As President Obama’s reelection campaign was ramping up five years ago, Sen. Bernie Sanders suggested on several occasions that it would be healthy if someone ran against him from the left — channeling the frustration of activists who thought the president had compromised on core liberal principles.
“If a progressive Democrat wants to run, I think it would enliven the debate, raise some issues, and people have a right to do that,” he told WNYC’s Brian Lehrer in March 2011.
The episode illustrates how Sanders’s rhetoric has adjusted to reflect his changed standing. Once an outside critic of the system, he is now running to inherit the Democratic Party that Obama has led for nearly two terms.
Yet Sanders’s brand of unflinching independence is central to his appeal for many voters. Those earlier criticisms of Obama elevated his stature on the political left, leading activists to push him to make his own presidential bid.
Sanders ultimately endorsed Obama despite his public musings. But former secretary of state Hillary Clinton has seized on his critique of the president in this year’s White House contest, casting the senator from Vermont as disloyal to Obama at a time when they are scrapping over supporters.
That notion drew a strong objection from Sanders during Sunday’s Democratic debate.
“In 2012, I worked as hard as I could to see that he was reelected,” the senator said, adding that he and the president are “friends.”
Nearing the end of Obama’s first term, the mood among the party’s liberal wing was restive. There was anger that Wall Street executives were flourishing during the country’s recession and angst that Obama’s signature health-care legislation did not go as far as many had hoped it would. Cuts to Medicare and Medicaid that the White House was considering as part of negotiations with congressional Republicans infuriated many in the base.
“There was a feeling that we were sold out on some very big things,” said Mike Lux, a political strategist for progressive organizations who has remained neutral in this year’s Democratic race. “I think Bernie just reflected what a lot of people were feeling.”
Sanders issued a strong public rebuke to Obama in December 2010, when he delivered an 8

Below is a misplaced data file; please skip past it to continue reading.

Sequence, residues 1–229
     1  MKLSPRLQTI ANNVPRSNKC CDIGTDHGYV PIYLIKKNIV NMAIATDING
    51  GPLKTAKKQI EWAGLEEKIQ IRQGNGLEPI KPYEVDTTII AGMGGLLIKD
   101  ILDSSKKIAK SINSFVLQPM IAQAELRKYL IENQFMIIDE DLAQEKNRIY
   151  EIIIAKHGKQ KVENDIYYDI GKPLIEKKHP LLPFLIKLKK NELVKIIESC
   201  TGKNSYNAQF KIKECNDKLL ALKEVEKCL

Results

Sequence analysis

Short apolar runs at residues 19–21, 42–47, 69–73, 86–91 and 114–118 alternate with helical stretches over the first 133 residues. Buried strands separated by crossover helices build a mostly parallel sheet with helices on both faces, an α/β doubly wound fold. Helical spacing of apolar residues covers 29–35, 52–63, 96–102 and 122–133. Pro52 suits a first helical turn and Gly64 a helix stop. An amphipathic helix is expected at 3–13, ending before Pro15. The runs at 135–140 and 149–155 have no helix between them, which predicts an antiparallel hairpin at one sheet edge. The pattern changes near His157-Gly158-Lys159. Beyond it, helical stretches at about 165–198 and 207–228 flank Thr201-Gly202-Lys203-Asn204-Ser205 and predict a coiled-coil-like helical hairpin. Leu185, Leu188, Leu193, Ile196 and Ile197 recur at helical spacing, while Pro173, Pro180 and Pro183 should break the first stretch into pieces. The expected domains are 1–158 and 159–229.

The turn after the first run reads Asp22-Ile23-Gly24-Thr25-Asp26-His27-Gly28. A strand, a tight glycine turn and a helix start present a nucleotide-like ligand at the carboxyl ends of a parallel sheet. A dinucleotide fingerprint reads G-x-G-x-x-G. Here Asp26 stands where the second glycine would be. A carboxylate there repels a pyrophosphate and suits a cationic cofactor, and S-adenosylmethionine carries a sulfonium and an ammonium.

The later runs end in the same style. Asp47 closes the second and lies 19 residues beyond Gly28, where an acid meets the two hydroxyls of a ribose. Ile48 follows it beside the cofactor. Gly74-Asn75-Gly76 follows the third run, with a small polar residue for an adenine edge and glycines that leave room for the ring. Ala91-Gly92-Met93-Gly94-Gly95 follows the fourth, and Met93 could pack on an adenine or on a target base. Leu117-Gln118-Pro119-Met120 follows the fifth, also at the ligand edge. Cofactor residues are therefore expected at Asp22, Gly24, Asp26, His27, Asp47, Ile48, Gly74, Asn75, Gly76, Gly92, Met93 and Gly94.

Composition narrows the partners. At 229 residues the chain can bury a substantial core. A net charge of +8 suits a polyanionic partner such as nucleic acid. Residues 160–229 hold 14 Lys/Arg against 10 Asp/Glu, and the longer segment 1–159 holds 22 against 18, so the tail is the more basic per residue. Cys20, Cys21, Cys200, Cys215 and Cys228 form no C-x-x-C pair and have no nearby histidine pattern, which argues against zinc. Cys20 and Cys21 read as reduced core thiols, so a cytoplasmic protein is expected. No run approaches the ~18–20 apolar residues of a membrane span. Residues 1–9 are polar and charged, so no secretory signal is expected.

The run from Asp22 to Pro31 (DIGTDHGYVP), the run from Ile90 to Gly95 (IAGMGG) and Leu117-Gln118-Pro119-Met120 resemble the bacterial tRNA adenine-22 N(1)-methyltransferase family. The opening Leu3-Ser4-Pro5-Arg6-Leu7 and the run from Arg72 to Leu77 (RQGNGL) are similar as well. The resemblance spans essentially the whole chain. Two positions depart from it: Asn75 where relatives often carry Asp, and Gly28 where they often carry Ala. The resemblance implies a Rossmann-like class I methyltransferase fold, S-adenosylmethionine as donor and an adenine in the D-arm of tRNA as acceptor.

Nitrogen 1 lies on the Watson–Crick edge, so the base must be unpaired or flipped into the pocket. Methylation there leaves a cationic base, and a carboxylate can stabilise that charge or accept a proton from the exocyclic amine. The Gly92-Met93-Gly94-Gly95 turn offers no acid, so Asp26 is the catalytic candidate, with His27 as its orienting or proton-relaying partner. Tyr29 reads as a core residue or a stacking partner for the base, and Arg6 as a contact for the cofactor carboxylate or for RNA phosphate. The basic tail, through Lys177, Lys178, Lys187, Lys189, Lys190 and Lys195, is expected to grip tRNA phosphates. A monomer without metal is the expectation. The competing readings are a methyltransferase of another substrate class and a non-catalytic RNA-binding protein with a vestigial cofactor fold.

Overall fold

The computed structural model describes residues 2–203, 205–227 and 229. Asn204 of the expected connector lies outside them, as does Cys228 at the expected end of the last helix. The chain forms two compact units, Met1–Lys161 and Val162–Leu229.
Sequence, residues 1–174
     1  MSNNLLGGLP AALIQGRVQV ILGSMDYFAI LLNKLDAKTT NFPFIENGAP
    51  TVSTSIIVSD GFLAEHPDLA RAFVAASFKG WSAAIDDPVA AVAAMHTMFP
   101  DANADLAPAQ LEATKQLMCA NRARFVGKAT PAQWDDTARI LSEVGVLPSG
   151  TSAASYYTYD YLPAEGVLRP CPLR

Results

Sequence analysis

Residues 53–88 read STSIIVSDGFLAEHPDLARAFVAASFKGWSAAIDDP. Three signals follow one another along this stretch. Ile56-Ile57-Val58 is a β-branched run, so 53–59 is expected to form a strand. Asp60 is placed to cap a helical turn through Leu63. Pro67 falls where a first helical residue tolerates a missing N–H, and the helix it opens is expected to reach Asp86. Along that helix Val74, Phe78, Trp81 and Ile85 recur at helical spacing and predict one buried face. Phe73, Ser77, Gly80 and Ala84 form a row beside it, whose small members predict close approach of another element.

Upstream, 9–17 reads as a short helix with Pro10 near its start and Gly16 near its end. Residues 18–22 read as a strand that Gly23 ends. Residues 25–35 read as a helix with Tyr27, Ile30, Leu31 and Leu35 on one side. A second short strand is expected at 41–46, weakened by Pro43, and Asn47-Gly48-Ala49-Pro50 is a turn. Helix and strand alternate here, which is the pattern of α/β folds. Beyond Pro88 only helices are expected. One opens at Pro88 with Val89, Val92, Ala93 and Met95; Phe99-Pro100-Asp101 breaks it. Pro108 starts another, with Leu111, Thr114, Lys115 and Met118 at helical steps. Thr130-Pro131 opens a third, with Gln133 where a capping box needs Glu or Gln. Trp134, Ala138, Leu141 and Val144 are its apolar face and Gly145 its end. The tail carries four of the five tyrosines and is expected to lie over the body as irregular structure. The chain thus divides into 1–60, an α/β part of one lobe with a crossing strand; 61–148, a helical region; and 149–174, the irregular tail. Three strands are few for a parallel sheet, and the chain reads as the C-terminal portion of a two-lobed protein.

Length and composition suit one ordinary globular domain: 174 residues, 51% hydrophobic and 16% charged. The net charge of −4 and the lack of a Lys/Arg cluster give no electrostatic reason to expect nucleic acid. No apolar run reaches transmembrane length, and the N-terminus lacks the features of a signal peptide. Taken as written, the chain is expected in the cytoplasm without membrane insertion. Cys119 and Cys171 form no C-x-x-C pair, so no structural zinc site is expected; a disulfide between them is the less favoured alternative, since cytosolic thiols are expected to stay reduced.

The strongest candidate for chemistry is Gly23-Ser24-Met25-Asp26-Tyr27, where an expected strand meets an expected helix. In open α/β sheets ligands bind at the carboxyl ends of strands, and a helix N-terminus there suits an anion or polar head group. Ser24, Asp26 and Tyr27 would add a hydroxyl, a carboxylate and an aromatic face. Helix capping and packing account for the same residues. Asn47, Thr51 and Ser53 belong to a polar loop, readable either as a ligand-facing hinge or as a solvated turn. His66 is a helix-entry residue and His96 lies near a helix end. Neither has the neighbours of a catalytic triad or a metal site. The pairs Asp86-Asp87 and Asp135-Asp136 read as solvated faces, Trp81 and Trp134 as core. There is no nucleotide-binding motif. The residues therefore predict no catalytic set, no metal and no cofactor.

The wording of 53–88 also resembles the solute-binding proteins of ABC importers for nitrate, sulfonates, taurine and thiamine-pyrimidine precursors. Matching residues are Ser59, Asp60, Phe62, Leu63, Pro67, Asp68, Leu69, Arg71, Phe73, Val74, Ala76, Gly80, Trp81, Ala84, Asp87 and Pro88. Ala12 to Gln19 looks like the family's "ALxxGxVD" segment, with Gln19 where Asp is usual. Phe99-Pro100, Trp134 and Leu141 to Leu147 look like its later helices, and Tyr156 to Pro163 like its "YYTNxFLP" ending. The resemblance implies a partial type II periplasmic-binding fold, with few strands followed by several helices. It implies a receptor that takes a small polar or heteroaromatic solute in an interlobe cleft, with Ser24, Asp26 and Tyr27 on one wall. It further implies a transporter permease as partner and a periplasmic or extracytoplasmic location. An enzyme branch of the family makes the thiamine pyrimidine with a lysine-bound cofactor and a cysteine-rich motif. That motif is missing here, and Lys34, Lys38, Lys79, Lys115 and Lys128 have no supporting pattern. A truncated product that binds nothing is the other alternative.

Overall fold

In the months that followed, his comments about Obama grew more pointed. In a July 2011 interview on Thom Hartmann’s radio program, Sanders said in response to a caller that “there are millions of Americans who are deeply disappointed in the president, who believe that, with regard to Social Security and a number of other issues, he said one thing as a candidate and is doing something very much else as a president, who cannot believe how weak he has been, for whatever reason, in negotiating with Republicans.”
Later in the program, in response to a second caller, he said he was contemplating encouraging someone to run against Obama.
“There are a lot of smart, honest progressive people who I think can be good presidents,” he said. “And I think one of the reasons President Obama has moved as far to the right as he has, is he thinks he can go all the way and no one will stand up to him.”
The following month, in response to a question on C-SPAN about whether he had anyone in mind as a primary challenger, Sanders responded: “No, I don’t know of anybody in mind, but I’m sure there are serious, smart people out there who could do it.”
His remarks gave some on the left hope that Sanders himself would challenge Obama. The senator soon made it clear he was not interested.
Consumer activist Ralph Nader, who was working at the time to try to identify a primary challenger to take on the president, said of Sanders: “He backed away right away, so there wasn’t anything to cling to.”
But Sanders’s statements brought him additional attention from liberals, particularly Progressive Democrats of America, a group formed in 2004 by activists who had worked on the presidential campaigns of former Vermont governor Howard Dean and former Ohio congressman Dennis Kucinich.
Tim Carpenter, then the group’s executive director, kept lobbying Sanders to consider a bid in 2016, according to Medea Benjamin, a peace activist who serves on the group’s advisory board.
“Tim and PDA were constantly pushing Bernie to run,” she said. “I remember it all very clearly, feeling his reluctance on the one hand but also a certain excitement on the other hand. I think he was always looking for someone else to do it, but the someone else wasn’t there.”
In the spring of 2014, Carpenter and PDA launched an online petition urging Sanders to make a White House run — specifically not as an independent, his mantle as a senator, but as a candidate for the Democratic nomination. He invited Sanders to deliver the keynote address at the group’s 10th-anniversary celebration in Northampton, Mass.
Carpenter died of cancer about two weeks before the gathering. But the group presented Sanders with the results of their petition drive: 11,000 signatures from people asking him to jump into the Democratic primary race.
Sanders did not offer any clues about his thinking. But in his speech to the group, he laid out his vision for the country, previewing many of the themes that now make up the core of his 2016 campaign.
He ticked off statistics to explain the building anger among the middle class as their median income had fallen, the increased number of families living in poverty and the concentration of the wealth in the hands of a few.
“No matter who the next president of the United States is — this I say with absolute certainty — if that president is serious about addressing the huge crisis facing this country,” he said, “that president cannot do it unless there is a political revolution.”
After speaking for an hour, Sanders shook hands with supporters as he walked down the aisle. The room echoed with chants of “Run, Bernie, run!”